10-year benchmark government security (G-Sec) yield, which sets the tone of the fixed-income market, was over 9% a month ago and was at 8.9% on 17th December even though it fell to 8.7% on 27th November. RBI did not raise benchmark rates, despite higher inflation rate in November. RBI hopes that retail prices will ease and expressed concerns about decelerating GDP growth. The market was expecting RBI to increase the repo rate by 25bps (basis points), but it opted to keep the bank rate unchanged at 7.75%. According to Nomura’s research report, “We expect cumulative hikes of 50bps to the repo rate in H1 2014, taking it to 8.25%.” G-Sec yields should remain at the current level of below 9%, in the short term.
The consumer price index (CPI) increased from 10.05% to 11.24% in November while wholesale price index (WPI) escalated to 7.52% compared to 7% in October. Future RBI policy direction will be guided by the outlook on CPI inflation.
Since commodities are cyclical in nature, one must aim to buy these stocks at, or below,...
RBI introduced polymer notes of Rs10 denomination in select cities in India. But most of the counterfeit currency notes in circulation are in higher denominations of Rs500 and Rs1,000
More than 25 countries in the world have successfully introduced polymer currency notes which are at least 2.5 times more durable than cotton-based paper currency. The latter has a shorter shelf life and is easily counterfeited. Some countries which have introduced, including the pioneer Australia, are New Zealand, Singapore, Mexico, Fuji to name a few.
Mark Carney, who introduced the polymer currency notes in Canada, in 2011, is currently the governor of the Bank of England. He is a native Canadian who is now set to introduce polymer currency banknotes in the United Kingdom, with two notes of GP5 and GP10 in 2016. The ten pound note will be introduced in 2017. According to information available, Bank of England plans to issue 350 million GP5 in 2016 and bring out 650 million GP10 notes in 2017. The GP5 notes will carry the portrait of Sir Winston Churchill while the GP10 will have the famous Jane Austen in the background. Dates have not been set for GP20 and GP50 notes but these will follow in due course.
The British plan is to immediately withdraw the old paper currencies of these denominations as soon as the polymer bank notes come into circulation. Such a move is expected to help in stopping the counterfeiting of these lower denominations, estimated at about GP30 million annually.
Moneylife has carried a detailed story on the counterfeit (or fake) Indian currency in circulation in the country. In the last report, we had given full details of how, beyond reasonable doubt, it has been established that this fake Indian currencies have been "manufactured" with identical paper used by the Pakistani government, and how these have also been smuggled into the country, via Nepal and Bangladesh land borders.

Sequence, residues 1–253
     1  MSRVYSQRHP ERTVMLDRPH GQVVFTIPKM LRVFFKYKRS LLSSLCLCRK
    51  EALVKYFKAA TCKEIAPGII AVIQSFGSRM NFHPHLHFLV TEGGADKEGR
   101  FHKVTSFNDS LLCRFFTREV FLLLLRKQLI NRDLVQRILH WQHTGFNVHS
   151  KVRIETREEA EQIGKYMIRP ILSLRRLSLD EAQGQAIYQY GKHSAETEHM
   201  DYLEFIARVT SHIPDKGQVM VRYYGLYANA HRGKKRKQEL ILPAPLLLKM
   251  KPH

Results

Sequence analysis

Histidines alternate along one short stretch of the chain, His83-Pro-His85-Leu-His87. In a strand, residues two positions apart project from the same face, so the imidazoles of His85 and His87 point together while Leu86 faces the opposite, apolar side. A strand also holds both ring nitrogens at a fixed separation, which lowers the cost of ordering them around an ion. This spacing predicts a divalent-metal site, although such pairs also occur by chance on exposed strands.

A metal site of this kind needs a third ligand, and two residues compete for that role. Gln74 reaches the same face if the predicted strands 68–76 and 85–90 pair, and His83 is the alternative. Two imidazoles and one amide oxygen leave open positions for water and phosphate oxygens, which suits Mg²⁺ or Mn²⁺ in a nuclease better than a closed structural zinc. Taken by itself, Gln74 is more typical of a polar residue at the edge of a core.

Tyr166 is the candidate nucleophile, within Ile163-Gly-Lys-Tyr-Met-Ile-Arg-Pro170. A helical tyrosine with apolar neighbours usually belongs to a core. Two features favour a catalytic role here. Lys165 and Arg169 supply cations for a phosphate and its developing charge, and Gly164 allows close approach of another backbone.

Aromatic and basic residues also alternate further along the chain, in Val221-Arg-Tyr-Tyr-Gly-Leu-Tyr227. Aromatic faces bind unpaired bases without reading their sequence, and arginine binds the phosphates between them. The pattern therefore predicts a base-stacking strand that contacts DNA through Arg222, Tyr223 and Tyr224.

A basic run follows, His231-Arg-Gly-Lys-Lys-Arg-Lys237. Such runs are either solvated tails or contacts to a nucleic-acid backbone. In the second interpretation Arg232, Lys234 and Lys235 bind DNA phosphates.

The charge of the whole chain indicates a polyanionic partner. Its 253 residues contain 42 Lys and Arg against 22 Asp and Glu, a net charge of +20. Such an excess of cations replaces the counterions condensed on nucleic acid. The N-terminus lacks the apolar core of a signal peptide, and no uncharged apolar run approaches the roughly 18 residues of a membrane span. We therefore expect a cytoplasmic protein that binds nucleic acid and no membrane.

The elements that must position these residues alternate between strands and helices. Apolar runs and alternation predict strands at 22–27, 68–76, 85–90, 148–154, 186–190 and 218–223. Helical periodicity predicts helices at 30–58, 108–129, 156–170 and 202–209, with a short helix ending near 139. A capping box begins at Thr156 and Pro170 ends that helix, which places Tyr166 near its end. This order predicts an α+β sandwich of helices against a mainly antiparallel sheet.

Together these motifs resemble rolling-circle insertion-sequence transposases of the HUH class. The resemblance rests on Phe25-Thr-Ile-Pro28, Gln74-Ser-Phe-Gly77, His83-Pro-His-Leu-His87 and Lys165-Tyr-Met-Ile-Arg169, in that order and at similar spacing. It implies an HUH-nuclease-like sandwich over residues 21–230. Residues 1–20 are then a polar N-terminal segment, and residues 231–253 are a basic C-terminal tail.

Though the Indian government has continuously held series of discussions on various issues, no where have we found any record of their raising this issue of counterfeit Indian currency being pushed into the market. It is time that our prime minister introduces it into the agenda for discussions. It should be brought to the notice of his Pakistani counterpart that this “mosquito bite” to the Indian economy must stop.
It may be recalled that, in fact, Reserve Bank of India has been toying with the idea of introducing polymer currency notes for some time. A few months ago, RBI introduced polymer notes of Rs10 denomination in select cities in India, which included Mysore and Cochin in the south. The results of the market testing carried out by RBI have still not been made public.
However, it must be noted, that, by and large, most of the counterfeit currency notes in circulation are in higher denominations of Rs500 and Rs1,000. It would have made sense if RBI had chosen to bring out polymer currency notes, for market testing in these denominations.
It might sound ironic that, recently, the Srirangapatna, Karnataka, subdivision police, based on a tip received, raided and caught a gang of members involved in the money-exchange racket, which included a member of Mandya City Municipal Council and seized Rs25 lakh in cash, which included counterfeit currency notes. Further, investigations are underway to find the root source of supplies and how these came into the market.
With the general elections on the anvil, this smuggling activity is bound to increase and vigilant action is needed to prevent large scale smuggling that may occur or, in fact, is occurring on a regular basis.
Reserve Bank must categorically announce its plans to introduce polymer currency notes of Rs500 and Rs1,000 immediately and demonetize the paper currency as soon as possible.
This must be done on a war footing and without any more delay.
(AK Ramdas has worked with the Engineering Export Promotion Council of the ministry of commerce. He was also associated with various committees of the Council. His international career took him to places like Beirut, Kuwait and Dubai at a time when these were small trading outposts; and later to the US.)